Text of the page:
Address the root causes of homelessness in America
As a former poverty researcher who exerted considerable energy toward advancing our understanding of homelessness, I was dismayed by Gerry Roll's reflections on the challenge of counting the homeless in her May 22 Opinion piece, "How needy families get excluded from assistance programs."
The debate about precisely how to count the homeless has been ongoing for more than 30 years. Advocates for the homeless believe that any efforts to determine hard numbers of homeless will be gross underestimates, and they fight to expand the definition of the term. Government seems to believe that homeless population estimates are overstated because the definition of the term is too broad. But what is more important than numbering the homeless is addressing two root causes of homelessness - domestic violence and lack of decent, affordable housing.
Nearly all homeless women, who make up about half the total homeless population, are victims of domestic violence, and when these women leave their abusers and seek shelter, they and their children are propelled into an endless collision course with the limited mercies of the social welfare and legal systems. Further, between one-quarter and one-third of all homelessness is a consequence of eviction for failure to pay rent.
Once tougher laws against domestic violence are in place and enforced, and once building affordable housing becomes more profitable and workers can earn a living wage, homelessness will largely resolve itself.
Paula V.W. Dáil
Mineral Point, Wis.
Regarding the May 16 article, "Tackling Iraq's Sunni-Shiite divide - in one home": When I read of the Sunni prayer style (praying with hands clasped) and the Shiite prayer style (praying with hands hung loosely at your side), I couldn't help but flash back to my 13 years as a nun with the Missionary of Charity (Mother Teresa's religious order).
A group of sisters argued with one another as to whether we should stand or kneel during the "Prayer of the Angels." We decided to wait for Mother Teresa's visit to observe what she would do. The first day of her visit, she stood during the prayer; the second day, she knelt. We then approached her about the discrepancy we observed and asked the question, "Should we stand or kneel during the "Prayer of the Angels?' " Mother Teresa's answer: "You should be praying it!" May we all, no matter what religion or sect, be sure that "praying" is our ultimate goal.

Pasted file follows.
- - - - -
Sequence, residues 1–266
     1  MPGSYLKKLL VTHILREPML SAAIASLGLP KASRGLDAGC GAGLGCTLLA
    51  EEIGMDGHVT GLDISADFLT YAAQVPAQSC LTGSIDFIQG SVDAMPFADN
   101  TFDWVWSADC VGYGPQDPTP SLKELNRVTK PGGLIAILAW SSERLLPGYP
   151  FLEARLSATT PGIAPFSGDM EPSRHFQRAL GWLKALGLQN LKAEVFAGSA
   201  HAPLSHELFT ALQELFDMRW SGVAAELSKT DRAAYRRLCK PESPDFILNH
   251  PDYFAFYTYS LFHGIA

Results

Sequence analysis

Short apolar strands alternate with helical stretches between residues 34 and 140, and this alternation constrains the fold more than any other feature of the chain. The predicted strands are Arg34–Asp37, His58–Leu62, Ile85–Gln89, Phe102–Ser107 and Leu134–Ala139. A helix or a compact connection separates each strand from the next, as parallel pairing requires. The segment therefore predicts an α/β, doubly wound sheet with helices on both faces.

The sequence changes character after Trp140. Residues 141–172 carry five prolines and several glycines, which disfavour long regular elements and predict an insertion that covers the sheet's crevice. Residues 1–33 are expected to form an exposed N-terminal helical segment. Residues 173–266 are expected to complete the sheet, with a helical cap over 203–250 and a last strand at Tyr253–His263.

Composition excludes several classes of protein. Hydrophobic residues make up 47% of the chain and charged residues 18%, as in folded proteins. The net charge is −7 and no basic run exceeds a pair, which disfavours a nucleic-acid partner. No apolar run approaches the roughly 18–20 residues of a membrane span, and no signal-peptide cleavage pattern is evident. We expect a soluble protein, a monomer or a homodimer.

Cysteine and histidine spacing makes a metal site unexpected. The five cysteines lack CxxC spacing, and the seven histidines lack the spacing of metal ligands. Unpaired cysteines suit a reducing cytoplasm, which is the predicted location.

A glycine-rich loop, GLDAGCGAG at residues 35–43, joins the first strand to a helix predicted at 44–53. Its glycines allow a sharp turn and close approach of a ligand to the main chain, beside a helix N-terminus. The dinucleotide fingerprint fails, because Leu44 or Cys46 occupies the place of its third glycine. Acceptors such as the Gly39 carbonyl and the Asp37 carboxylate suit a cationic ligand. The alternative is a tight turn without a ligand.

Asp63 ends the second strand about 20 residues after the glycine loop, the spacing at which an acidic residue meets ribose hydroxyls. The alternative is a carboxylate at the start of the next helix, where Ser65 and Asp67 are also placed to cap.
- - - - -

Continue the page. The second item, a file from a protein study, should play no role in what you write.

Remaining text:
Regarding the May 23 article, "Milwaukee's lessons on school vouchers": Parents have the absolute right to send their children to any school they want. But that sacrosanct option is not a guarantee of better educational quality. What Milwaukee's experience demonstrates is that ideology trumps evidence. Voucher schools in Milwaukee are uncannily like regular schools there. Moreover, parents often choose schools based on logistical and holistic - rather than academic - grounds.
When historians look back at the nation's oldest and largest voucher program, they'll conclude that the social, cultural, and economic backgrounds of the parents involved, and the communities in which schools were located, constituted the principal determinant of success. Until then, however, the matter will continue to polarize opinion.
Mr. Gardner taught for 28 years in Los Angeles and was a lecturer in the UCLA Graduate School of Education.
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